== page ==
How - DECIDE in your heart - thoughtful choice made under the influence of the                         one who/WHO sits on the throne (of affection &                             authority)

    How - not reluctantly or forcibly - thoughtful choice should influence healthy                                emotions

    Why - God loves a cheerful giver - do you liked to be appreciated! God is proud of                             His kids when they reflect His heart. 

    The two most significant examples in the Bible of generosity did not come from the rich, but from to widows: one gave her mite (value today $2) - the other gave a meal. With one Jesus taught a lesson with the other he saved a prophet!

As devoted followers of Christ, our daily prayer becomes, Lord, how do you want me to use the resources you have entrusted to me? This includes our wallets and purses — the cash, checkbooks, debit cards, credit cards, savings accounts, and all our other resources.

This practice is directly tied to the belief of stewardship - Key Truth #9: I believe everything I am and everything I own belong to God. Therein lies our dividing line. Do we perceive our money, our resources, to be God’s or ours?

When Jesus redeems our souls, he can also redeem our financial management, debt, savings, investing, and giving. Our checkbooks, credit cards, savings accounts, stocks, bonds, and 401(k)s should all come under his authority and leadership.

As a pastor, I’ve counseled people on this topic for many years, and I can safely say that what keeps many Christians from giving isn’t really their lack of desire, but rather an abundance of personal debt. All too often, debt comes not so much from medical bills from unforeseen illnesses or unavoidable tragedies - - as from intentional choices to accumulate stuff, which then places an almost unbearable burden for many years and prevents true freedom and blessing in giving to God and his kingdom.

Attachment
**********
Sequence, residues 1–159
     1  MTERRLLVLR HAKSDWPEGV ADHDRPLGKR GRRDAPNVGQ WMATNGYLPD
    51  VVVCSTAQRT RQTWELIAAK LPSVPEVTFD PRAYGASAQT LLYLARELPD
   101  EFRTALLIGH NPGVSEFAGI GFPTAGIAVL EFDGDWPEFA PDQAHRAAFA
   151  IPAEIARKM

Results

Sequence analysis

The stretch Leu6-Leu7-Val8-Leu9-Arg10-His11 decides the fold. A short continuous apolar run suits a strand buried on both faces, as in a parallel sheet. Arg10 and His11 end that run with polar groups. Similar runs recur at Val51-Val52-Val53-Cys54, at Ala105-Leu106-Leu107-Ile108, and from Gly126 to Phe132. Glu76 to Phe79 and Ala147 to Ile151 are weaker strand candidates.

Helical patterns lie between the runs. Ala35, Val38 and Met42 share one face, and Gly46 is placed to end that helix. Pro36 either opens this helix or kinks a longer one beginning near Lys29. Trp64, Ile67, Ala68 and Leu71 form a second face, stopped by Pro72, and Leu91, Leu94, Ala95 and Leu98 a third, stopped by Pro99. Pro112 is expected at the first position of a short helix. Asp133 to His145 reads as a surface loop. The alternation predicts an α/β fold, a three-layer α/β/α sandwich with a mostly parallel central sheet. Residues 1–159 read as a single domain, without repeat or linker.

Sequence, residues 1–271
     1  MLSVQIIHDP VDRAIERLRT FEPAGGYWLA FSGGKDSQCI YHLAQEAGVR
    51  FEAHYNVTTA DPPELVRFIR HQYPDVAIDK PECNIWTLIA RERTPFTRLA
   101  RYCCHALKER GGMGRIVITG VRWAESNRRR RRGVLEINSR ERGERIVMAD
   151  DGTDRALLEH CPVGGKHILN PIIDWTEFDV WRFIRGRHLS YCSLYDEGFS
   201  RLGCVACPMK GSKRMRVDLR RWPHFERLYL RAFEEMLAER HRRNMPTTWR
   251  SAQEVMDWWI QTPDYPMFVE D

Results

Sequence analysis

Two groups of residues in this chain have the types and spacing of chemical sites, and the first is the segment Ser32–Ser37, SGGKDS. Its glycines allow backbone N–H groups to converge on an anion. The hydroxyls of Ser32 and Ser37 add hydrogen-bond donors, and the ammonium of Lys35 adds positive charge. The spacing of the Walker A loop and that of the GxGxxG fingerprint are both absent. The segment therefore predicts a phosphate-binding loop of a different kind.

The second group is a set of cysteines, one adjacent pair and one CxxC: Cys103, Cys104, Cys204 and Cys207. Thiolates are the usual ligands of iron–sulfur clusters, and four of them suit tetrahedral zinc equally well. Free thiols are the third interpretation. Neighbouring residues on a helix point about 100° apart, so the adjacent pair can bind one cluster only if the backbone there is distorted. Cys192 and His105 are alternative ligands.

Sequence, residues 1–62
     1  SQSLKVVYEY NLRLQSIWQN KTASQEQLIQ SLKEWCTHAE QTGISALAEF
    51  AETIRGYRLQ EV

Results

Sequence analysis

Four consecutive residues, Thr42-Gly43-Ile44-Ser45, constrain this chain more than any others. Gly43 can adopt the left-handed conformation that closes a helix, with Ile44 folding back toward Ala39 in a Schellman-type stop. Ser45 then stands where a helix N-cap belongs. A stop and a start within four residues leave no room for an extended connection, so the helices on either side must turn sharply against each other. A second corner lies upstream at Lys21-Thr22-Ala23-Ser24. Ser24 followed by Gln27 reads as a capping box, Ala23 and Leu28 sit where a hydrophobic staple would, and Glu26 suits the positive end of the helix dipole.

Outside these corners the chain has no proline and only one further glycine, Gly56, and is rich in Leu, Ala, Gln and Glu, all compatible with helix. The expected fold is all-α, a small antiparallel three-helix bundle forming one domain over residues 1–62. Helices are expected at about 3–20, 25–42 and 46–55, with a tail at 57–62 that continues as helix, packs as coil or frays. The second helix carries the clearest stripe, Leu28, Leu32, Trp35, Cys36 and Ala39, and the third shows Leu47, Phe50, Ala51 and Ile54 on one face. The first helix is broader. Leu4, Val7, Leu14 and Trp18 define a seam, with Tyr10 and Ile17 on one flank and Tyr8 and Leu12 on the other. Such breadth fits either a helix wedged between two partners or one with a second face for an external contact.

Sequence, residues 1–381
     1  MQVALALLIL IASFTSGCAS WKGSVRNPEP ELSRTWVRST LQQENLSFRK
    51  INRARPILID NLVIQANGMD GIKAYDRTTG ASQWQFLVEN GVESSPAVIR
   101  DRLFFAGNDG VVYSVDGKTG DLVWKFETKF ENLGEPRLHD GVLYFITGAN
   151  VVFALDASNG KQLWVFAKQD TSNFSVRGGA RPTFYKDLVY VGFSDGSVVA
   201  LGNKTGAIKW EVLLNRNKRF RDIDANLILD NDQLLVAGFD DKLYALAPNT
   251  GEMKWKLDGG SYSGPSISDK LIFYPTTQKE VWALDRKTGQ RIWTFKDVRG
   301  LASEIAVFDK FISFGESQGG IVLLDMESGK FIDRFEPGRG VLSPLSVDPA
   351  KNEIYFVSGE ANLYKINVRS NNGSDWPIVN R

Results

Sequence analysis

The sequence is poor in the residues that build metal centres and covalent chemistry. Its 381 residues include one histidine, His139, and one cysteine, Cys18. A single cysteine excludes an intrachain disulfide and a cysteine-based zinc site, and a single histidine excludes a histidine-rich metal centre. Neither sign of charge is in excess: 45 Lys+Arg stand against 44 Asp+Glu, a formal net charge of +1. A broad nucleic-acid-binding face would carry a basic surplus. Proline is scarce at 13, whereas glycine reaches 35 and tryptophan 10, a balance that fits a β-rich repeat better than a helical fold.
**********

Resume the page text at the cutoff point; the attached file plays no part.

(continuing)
In the Sermon on the Mount, Jesus teaches, “No one can serve two masters. Either you will hate the one and love the other, or you will be devoted to the one and despise the other. You cannot serve both God and money.” (Matt. 6:24) Sadly, while many Christians today would say they love God and desire to serve him, their devotion must go to “serving” the payments demanded each month. Jesus’ words are as accurate today as the day he first said them.

As we have stated with other key ideas, we give our resources with an eternal reason at the forefront — to fulfill God’s purposes. Money will never save anyone’s soul, but funds are needed to support ministries that reach people all over the world with the gospel of Christ. If we believe the only thing that will matter in heaven will be what we have done for Christ here on earth, then the vast majority of the money to go through our hands will not count for much — except what has been given to build Christ’s kingdom.